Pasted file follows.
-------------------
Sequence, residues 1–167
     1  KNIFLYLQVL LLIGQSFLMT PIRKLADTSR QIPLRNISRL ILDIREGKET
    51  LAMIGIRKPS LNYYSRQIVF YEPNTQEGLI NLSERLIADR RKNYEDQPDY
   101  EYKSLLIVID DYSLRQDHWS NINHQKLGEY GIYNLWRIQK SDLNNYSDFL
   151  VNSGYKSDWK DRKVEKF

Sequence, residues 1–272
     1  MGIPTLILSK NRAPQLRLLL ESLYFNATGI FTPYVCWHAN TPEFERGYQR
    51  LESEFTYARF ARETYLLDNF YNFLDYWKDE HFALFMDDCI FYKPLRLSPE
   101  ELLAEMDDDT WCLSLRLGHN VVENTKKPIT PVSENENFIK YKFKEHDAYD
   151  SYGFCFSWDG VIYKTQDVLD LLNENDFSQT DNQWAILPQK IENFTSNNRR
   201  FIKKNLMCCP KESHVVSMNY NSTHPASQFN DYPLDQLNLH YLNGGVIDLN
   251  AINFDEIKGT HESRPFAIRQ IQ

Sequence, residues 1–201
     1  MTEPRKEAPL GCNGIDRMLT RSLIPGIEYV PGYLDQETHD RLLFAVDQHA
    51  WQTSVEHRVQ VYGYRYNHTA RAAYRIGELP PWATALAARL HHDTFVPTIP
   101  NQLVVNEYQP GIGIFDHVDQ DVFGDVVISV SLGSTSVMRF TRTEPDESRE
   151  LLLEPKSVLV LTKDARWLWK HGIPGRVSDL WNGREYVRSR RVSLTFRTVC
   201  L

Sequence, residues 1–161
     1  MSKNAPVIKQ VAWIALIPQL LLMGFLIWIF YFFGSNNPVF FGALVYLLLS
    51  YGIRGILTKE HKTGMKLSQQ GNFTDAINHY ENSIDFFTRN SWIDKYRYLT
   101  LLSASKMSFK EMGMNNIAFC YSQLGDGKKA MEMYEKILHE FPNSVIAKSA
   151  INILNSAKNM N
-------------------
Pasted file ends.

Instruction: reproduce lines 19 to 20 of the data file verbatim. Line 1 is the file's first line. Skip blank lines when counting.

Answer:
Sequence, residues 1–161
     1  MSKNAPVIKQ VAWIALIPQL LLMGFLIWIF YFFGSNNPVF FGALVYLLLS